I am a Nature staffer. I have a black helicopter and a golden retriever with open bowels, and my mission in life is to fly around dropping doo-doos on anti-vexers from a great height. This is a secret, of course, don’t tell a soul. Shhhhh.

  13. Austin Elliott says:

    Heh. Careful, Henry, I think we have conclusively established that the anti-vax gang have no sense of humour.

    There is one rather funny occasional commenter on Orac’s blog who satirises some of the madder New World Order fantasies, including of the anti-vaccine nuts, under the byline “Lord Draconis Zeneca”. A recent-ish example can be found here.

  14. Richard P. Grant says:

    Oh dear. Tainted with the same brush.
    I guess I better leave NN and go independent then.

  15. Åsa Karlström says:

    Mike> exactly. very annyoing and you never get to have any fun… ( said with a sad voice ) 😉

    Austin> I’m sure you could technically point them to the fact that you are blogging on NN and not SB, which now has a PepsiCo blog… I don’t really know the background of that, but in the light of the “attachments to industry” it might be more an argument. THen again, I guess it really doesn’t matter since if “they” were interested in actually having a discussion it (we) wouldn’t be where it (we) are right now.

    I wonder if I should print those business cards with scientist – inherently evil , might be more catchy than my present one 😉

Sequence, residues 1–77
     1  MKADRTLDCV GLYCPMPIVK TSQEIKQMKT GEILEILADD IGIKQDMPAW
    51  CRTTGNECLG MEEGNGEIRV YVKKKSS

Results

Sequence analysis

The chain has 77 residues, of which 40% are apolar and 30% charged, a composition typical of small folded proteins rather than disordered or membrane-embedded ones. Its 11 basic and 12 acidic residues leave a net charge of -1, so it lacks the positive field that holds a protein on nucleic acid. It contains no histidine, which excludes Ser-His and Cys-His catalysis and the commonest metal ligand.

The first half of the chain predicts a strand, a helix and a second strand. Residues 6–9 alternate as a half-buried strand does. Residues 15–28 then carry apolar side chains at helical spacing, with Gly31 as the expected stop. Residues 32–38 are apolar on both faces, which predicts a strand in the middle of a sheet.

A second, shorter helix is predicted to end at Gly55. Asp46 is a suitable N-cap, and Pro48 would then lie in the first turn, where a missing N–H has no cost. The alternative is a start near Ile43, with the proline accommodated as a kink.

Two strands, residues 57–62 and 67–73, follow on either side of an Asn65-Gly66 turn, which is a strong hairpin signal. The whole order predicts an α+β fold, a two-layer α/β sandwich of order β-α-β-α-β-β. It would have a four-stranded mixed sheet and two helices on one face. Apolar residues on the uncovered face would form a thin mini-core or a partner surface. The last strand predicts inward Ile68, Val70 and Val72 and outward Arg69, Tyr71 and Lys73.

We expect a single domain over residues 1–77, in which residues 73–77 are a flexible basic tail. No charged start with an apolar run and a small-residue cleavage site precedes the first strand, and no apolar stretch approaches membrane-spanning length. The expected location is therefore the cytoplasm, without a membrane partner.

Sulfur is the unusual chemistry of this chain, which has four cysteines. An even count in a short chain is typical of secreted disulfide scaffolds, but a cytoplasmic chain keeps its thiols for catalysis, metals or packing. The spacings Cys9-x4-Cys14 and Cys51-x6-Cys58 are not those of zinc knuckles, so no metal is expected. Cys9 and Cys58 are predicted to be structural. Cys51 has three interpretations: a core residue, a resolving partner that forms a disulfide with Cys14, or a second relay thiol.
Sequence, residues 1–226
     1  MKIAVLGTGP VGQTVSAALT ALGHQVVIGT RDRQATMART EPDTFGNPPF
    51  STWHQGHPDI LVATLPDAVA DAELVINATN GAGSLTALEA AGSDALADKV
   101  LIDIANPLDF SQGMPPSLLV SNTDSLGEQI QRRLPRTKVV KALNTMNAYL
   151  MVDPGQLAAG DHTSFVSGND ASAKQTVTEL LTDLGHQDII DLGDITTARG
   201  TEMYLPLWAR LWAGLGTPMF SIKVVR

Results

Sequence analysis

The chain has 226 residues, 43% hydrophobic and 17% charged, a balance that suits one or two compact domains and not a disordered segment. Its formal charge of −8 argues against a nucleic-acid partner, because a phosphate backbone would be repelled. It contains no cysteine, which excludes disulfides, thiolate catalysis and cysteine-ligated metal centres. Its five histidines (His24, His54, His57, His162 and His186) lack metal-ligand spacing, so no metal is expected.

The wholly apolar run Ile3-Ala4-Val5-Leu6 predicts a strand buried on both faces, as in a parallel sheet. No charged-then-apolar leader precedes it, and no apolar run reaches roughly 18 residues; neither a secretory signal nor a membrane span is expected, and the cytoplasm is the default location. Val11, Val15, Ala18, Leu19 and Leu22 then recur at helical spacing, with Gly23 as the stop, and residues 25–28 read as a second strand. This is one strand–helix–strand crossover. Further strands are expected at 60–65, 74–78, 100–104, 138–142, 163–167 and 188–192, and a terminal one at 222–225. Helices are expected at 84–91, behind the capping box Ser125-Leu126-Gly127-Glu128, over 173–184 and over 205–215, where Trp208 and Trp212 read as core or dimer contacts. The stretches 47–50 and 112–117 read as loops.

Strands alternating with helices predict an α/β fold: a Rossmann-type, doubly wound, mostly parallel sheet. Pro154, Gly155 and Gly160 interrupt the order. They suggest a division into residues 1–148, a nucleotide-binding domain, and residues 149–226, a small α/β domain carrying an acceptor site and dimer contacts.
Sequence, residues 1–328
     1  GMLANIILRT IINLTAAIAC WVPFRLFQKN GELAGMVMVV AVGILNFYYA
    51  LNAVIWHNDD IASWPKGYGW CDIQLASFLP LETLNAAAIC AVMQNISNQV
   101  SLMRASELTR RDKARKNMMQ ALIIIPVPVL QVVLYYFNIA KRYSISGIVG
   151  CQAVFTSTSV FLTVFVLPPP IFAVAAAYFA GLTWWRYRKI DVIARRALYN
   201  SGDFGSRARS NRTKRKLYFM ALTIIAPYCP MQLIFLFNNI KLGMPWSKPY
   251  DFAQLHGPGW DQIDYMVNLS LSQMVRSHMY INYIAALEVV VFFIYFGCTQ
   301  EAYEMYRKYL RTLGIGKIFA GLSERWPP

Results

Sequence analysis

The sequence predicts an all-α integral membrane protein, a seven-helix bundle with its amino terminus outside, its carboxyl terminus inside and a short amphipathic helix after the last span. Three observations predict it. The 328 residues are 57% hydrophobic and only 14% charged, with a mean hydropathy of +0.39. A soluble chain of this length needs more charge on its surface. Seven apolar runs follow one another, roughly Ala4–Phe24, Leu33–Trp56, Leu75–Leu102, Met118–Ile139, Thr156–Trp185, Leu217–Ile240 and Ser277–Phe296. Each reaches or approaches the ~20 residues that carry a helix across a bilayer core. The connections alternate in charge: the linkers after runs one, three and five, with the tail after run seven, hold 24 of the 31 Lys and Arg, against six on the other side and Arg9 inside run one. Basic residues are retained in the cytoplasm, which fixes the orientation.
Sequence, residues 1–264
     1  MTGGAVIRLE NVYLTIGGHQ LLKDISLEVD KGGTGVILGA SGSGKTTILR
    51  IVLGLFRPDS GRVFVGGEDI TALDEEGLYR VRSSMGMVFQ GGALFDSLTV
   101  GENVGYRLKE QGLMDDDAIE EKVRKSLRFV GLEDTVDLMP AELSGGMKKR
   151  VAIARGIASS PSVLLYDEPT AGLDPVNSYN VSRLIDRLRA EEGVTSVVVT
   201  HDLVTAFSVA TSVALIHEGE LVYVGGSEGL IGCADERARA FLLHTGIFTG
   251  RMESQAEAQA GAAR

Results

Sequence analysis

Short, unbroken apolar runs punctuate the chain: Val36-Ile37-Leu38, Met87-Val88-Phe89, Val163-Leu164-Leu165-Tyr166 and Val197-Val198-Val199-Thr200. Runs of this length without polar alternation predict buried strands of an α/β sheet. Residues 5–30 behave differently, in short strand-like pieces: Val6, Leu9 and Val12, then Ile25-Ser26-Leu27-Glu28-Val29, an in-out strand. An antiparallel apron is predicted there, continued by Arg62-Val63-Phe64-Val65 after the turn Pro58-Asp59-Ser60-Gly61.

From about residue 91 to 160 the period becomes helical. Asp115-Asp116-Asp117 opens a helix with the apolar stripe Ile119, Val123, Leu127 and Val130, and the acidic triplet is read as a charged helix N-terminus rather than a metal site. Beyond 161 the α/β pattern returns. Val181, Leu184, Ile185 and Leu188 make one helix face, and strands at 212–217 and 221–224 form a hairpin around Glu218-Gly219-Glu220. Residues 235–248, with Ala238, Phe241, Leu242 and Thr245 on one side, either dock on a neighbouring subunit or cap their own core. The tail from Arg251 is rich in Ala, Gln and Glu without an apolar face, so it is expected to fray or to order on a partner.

16. Alejandro Correa says:

    Silence, Richard G. is dangerous your commentary.

  17. Richard P. Grant says:


  18. Alejandro Correa says:

    Yes. Richard among us, you have remain silent hermetic, do not tell anyone I told you is really dangerous. You remember our dear friend Wilson Hackett suddenly disappeared, I believe that it should be displeased by something someone have said, I get the impression that they have attacked highly toxic snakes. Hey! and you do not get involved at me.

  19. Cath Ennis says:

    Yeah, Richard. What Alejandro said.

  20. Richard P. Grant says:

    Oh yes, where *is* Wilson these days? I doubt that he’d leave because of something we said. You reckon it was snakes?
    I’ll remain hermetic.

  21. Alejandro Correa says:

    There was a superimposition of data, sorry.
    There exist many snakes that are on the prowl and have no pity for the neighbor, Richard, you have to be careful.
    Wilson is a victim of these insane snakes.
    But I insist, must remain silent, Richard.

  22. Wilson Hackett says:

    Hello Richard
    I am pleased to report that I have not been eaten by snakes, hermetic or otherwise.
    Thank you for your concern, Alejandro. I hope I didn’t distress you too much!

  23. Richard P. Grant says:

    Glad to hear it, Wilson.

  24. Alejandro Correa says:

    Wilson: I invite you to keep participating in Nature Network. Glad to hear.